What has suddenly become unclear is whether that decision rests solely with Marrone.
"If you're asking me personally, my decision is that he's going to play," the second-year coach said, referring to Orton after practice Wednesday. "If you ask somebody else, they might tell you something different, I don't know."
The exchange was prompted after Marrone was asked if his approach to starting Orton over second-year quarterback E.J. Manuel might change if the Bills (7-6) drop out of playoff contention after hosting the Green Bay Packers (10-3) on Sunday.
"No, not for me," Marrone said, before adding, "unless it changes for somebody else."
He didn't specify who he was referring to. He then reiterated that it's "my decision."
Marrone's comments come at a time when Buffalo is in jeopardy of extending the NFL's longest active playoff drought to a 15th consecutive season. And the franchise is entering its first offseason with new owners Terry and Kim Pegula, who purchased the team in October after Hall of Fame owner Ralph Wilson died in March.
Last month, Terry Pegula said it was premature to consider making changes. He added that he had not determined whether to hire an outside consultant to evaluate the franchise because it could serve as a potential distraction.
The Pegulas spoke when the Bills reached the midway point of the season with a better-than-expected 5-3 record.
Buffalo has since lost three of five games and sit on the fringes of the AFC playoff picture. And the offense continues to produce inconsistently under Orton, who has a 5-4 record since replacing Manuel.
Buffalo managed only 3 points against Denver in the first three quarters Sunday before mustering a rally that ultimately fell short. Orton had 355 yards, a touchdown and two interceptions.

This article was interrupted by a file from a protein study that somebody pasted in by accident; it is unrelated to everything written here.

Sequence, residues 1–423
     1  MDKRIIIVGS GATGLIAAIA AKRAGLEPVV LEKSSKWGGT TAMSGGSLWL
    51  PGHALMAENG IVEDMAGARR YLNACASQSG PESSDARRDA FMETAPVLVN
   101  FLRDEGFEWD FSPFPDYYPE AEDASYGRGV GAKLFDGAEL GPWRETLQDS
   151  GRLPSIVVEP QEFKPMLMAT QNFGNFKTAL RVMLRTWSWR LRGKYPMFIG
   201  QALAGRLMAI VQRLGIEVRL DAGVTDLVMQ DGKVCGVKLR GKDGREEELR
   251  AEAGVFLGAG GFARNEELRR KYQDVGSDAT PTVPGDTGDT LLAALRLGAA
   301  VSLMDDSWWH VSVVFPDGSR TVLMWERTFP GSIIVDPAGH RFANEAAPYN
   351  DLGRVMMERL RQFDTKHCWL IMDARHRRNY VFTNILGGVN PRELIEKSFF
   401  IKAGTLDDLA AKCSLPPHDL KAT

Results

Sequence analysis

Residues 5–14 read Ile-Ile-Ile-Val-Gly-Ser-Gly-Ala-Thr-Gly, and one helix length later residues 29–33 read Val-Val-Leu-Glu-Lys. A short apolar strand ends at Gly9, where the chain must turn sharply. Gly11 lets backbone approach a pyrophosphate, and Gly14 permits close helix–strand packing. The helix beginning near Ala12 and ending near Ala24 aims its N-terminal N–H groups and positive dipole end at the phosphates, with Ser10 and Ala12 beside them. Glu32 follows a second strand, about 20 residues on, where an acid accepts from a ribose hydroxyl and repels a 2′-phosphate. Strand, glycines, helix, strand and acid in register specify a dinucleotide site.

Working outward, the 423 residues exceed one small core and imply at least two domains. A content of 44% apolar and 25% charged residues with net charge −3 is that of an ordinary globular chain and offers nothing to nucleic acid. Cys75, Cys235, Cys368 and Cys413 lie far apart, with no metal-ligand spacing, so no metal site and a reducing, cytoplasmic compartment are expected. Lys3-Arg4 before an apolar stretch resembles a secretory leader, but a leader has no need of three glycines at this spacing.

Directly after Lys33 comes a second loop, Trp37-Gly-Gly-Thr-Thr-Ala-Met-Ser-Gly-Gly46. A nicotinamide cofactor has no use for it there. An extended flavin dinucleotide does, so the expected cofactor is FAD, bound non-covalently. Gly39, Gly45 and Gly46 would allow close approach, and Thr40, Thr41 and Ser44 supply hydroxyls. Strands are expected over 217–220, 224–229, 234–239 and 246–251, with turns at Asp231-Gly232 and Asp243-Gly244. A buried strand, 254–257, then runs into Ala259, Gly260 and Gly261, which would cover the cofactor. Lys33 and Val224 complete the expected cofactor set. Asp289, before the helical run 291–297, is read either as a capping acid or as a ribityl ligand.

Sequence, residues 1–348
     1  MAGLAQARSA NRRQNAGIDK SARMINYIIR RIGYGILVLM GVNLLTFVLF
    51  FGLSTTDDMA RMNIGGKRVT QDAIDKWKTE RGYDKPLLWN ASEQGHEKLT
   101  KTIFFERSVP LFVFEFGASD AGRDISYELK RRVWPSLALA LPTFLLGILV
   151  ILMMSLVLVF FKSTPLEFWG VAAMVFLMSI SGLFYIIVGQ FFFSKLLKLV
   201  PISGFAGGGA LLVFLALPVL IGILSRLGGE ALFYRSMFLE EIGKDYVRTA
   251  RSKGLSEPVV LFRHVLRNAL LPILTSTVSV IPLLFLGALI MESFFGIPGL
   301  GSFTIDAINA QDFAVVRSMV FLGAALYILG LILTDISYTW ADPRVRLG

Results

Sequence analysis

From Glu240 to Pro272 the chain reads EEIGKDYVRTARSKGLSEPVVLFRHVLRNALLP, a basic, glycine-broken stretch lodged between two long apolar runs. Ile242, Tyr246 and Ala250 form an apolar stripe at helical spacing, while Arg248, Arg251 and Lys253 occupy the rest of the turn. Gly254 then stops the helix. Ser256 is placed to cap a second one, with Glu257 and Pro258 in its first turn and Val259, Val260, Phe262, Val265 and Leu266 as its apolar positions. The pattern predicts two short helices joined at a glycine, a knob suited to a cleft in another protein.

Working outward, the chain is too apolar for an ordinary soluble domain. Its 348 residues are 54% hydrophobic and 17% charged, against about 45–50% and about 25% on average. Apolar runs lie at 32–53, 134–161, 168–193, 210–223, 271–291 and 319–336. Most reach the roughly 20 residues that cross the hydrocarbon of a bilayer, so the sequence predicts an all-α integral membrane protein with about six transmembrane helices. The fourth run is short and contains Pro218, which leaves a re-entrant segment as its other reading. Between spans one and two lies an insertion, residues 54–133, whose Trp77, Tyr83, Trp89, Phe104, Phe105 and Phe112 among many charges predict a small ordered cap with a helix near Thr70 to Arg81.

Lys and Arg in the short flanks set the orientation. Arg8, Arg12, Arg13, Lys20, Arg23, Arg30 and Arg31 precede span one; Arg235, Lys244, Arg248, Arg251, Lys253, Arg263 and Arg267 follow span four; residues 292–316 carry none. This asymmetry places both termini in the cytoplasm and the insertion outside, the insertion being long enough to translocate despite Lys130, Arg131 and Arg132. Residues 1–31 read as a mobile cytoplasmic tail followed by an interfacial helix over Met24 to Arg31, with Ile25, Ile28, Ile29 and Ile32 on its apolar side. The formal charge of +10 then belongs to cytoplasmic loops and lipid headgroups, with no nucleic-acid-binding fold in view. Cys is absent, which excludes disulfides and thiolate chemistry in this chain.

Buffalo's 20 TDs in 47 red zone drives ranks 29th in the NFL in terms of efficiency.
Marrone is sticking with Orton because he believes the 10th-year journeyman provides the Bills the best chance to be competitive.
"I'm doing the best job I can to win a football game, plain and simple," he said. "Right now, absolutely, I will play Kyle Orton because he gives us the best chance to win now."
Though making the playoffs are unlikely, the Bills still have an opportunity to finish 8-8 or better since going 9-7 in 2004.
The offense's sputters have been an issue all season.
Running back Fred Jackson said he feels as if the offense is holding back what's been a dominating defense, which ranks in the NFL's top 10 in numerous statistical categories.
"Any time you've got a defense playing as good as ours is, you want to go out there and return the favor and do some things on offense," Jackson said. "And we haven't gotten it done."
Orton said the offense has the potential to do better than produce as it has in mere spurts.
"If we're letting anybody down, we're letting ourselves down," Orton said.